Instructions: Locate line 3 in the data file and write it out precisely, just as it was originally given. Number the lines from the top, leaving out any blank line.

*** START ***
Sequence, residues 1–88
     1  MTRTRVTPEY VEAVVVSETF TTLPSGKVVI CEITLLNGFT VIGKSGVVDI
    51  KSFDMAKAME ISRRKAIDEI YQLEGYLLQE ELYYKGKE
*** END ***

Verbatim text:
    51  KSFDMAKAME ISRRKAIDEI YQLEGYLLQE ELYYKGKE